1. “There is nobody in this country who got rich on their own. Nobody. You built a factory out there—good for you. But I want to be clear. You moved your goods to market on roads the rest of us paid for. You hired workers the rest of us paid to educate. You were safe in your factory because of police forces and fire forces that the rest of us paid for. You didn’t have to worry that marauding bands would come and seize everything at your factory….Now look. You built a factory and it turned into something terrific or a great idea—God bless! Keep a hunk of it. But part of the underlying social contract is you take a hunk of that and pay forward for the next kid who comes along.”—September 2011
2. “People feel like the system is rigged against them, and here is the painful part, they’re right. The system is rigged.”—September 2012
3. “Hardworking men and women who are busting their tails in full-time jobs shouldn’t be left in poverty.”—August 2013
4. “Look around. Oil companies guzzle down the billions in profits. Billionaires pay a lower tax rate than their secretaries, and Wall Street CEOs, the same ones that direct our economy and destroyed millions of jobs still strut around Congress, no shame, demanding favors, and acting like we should thank them. Does anyone here have a problem with that?”—September 2012
5. “It is critical that the American people, and not just their financial institutions, be represented at the negotiating table.”—Summer 2009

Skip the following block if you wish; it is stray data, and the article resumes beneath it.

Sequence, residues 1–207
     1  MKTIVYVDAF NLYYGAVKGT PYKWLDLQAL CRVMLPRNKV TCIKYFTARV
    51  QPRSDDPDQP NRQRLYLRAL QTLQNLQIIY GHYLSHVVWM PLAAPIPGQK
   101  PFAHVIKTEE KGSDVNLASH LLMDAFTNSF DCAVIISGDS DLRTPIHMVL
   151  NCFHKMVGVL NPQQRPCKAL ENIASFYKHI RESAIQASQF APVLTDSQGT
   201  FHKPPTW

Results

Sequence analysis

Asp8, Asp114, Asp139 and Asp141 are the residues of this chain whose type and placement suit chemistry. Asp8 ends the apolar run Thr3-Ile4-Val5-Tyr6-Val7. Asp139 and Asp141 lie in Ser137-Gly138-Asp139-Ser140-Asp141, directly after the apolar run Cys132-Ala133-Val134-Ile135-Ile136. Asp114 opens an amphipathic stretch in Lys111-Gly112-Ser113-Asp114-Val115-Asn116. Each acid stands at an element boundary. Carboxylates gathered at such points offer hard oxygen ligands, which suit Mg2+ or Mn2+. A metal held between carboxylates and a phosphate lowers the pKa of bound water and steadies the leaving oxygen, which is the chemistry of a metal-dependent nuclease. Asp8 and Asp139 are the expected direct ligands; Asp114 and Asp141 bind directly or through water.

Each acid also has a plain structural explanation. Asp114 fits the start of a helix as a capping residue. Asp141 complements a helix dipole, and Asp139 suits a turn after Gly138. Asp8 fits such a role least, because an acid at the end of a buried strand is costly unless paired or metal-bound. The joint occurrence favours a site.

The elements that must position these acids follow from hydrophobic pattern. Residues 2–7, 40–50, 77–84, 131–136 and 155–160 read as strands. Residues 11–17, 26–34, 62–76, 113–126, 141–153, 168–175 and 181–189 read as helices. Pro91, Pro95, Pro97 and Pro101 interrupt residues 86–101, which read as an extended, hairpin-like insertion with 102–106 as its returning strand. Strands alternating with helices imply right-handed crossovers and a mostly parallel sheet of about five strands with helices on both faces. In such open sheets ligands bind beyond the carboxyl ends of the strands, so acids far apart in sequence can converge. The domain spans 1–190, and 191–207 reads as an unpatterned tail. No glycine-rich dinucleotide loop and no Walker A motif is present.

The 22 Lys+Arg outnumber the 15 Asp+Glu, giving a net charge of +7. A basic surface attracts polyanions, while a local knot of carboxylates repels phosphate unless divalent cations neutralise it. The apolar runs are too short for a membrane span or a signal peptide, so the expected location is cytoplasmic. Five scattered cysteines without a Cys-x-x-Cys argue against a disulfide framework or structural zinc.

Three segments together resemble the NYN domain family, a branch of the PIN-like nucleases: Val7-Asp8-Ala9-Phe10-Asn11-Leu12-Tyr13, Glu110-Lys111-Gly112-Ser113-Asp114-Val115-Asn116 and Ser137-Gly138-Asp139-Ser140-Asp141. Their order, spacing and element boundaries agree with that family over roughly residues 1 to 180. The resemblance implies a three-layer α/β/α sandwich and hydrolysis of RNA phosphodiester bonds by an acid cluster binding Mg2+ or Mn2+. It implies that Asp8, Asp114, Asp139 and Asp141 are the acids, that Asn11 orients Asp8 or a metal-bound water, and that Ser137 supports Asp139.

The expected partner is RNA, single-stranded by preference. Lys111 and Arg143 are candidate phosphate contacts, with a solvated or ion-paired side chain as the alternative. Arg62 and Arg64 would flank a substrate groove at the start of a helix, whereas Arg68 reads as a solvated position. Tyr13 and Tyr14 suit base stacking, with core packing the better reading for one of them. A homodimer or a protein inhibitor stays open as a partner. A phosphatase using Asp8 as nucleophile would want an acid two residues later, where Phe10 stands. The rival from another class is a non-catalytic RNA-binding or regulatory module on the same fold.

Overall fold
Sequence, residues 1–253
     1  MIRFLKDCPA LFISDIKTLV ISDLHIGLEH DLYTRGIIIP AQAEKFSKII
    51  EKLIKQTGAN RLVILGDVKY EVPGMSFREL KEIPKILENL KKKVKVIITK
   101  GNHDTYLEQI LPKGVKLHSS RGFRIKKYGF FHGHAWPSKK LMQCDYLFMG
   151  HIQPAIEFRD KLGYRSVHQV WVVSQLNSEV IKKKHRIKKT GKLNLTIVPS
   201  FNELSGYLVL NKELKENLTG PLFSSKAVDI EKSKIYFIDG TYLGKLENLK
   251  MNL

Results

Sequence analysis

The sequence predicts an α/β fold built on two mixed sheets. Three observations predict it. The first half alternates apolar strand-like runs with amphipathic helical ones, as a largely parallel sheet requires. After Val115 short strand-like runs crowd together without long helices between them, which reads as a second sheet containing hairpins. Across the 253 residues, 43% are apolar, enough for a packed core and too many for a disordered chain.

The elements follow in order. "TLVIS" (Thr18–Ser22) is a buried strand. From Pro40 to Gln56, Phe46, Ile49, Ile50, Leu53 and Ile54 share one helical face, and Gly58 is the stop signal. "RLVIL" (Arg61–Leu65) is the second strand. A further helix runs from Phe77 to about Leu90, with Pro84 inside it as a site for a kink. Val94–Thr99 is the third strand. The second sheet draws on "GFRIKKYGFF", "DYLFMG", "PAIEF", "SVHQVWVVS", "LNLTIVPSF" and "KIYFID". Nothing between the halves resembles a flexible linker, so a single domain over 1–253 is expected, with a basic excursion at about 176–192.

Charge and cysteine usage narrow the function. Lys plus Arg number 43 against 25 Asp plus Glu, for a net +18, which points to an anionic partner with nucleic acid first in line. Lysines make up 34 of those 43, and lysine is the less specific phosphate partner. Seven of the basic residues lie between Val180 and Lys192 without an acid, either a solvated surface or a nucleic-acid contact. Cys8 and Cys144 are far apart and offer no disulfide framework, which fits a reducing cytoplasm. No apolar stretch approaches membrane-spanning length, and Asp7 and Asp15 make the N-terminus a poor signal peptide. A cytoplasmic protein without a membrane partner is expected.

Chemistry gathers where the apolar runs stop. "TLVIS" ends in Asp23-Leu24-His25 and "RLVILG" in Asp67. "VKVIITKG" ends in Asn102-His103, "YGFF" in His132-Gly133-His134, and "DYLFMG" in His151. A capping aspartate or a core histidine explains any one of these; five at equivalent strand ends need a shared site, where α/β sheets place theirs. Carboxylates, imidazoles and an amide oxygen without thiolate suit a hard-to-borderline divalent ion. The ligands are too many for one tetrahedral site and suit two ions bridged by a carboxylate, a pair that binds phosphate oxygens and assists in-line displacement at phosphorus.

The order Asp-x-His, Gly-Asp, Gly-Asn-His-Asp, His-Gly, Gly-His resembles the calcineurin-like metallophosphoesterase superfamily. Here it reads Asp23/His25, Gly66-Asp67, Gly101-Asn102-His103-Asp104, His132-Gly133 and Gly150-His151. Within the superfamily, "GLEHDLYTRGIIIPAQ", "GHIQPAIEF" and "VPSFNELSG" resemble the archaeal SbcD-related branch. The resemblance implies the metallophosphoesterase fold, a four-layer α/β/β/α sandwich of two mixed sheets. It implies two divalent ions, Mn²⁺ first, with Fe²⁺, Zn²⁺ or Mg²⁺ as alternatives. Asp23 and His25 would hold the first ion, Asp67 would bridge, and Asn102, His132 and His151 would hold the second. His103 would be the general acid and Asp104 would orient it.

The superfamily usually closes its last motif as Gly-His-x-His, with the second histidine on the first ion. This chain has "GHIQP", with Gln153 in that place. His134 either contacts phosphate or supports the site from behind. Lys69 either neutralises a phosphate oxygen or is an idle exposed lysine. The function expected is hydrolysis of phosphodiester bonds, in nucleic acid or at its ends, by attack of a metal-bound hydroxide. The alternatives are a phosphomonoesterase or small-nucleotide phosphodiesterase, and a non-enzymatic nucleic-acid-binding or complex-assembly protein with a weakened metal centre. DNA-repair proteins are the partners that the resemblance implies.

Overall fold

6. “Americans are fighters. We’re tough, resourceful and creative, and if we have the chance to fight on a level playing field, where everyone pays a fair share and everyone has a real shot, then no one—no one can stop us.”—September 2012
7. “And that’s how we build the economy of the future. An economy with more jobs and less debt, we root it in fairness. We grow it with opportunity. And we build it together.”—September 2012
8. “I understand the frustration, I share their frustration with what’s going on, that right now Washington is wired to work well for those on Wall Street who can hire lobbyists and lawyers and it doesn’t work very well for the rest of us.”—October 2011
9. “If you’re caught with an ounce of cocaine, the chances are good you’re going to jail….Evidently, if you launder nearly a billion dollars for drug cartels and violate our international sanctions, your company pays a fine and you go home and sleep in your own bed at night.”—March 2013
10. “Corporations are not people. People have hearts, they have kids, they get jobs, they get sick, they cry, they dance. They live, they love and they die. And that matters. That matters because we don’t run this country for corporations, we run it for people.”—September 2012
11. “If there had been a Financial Product Safety Commission in place 10 years ago, the current financial crisis would have been averted.”—Summer 2009
12. “Nobody’s safe. Health insurance? That didn’t protect 1 million Americans who were financially ruined by illness or medical bills last year.”—February 2005
Reposted from AFL-CIO NOW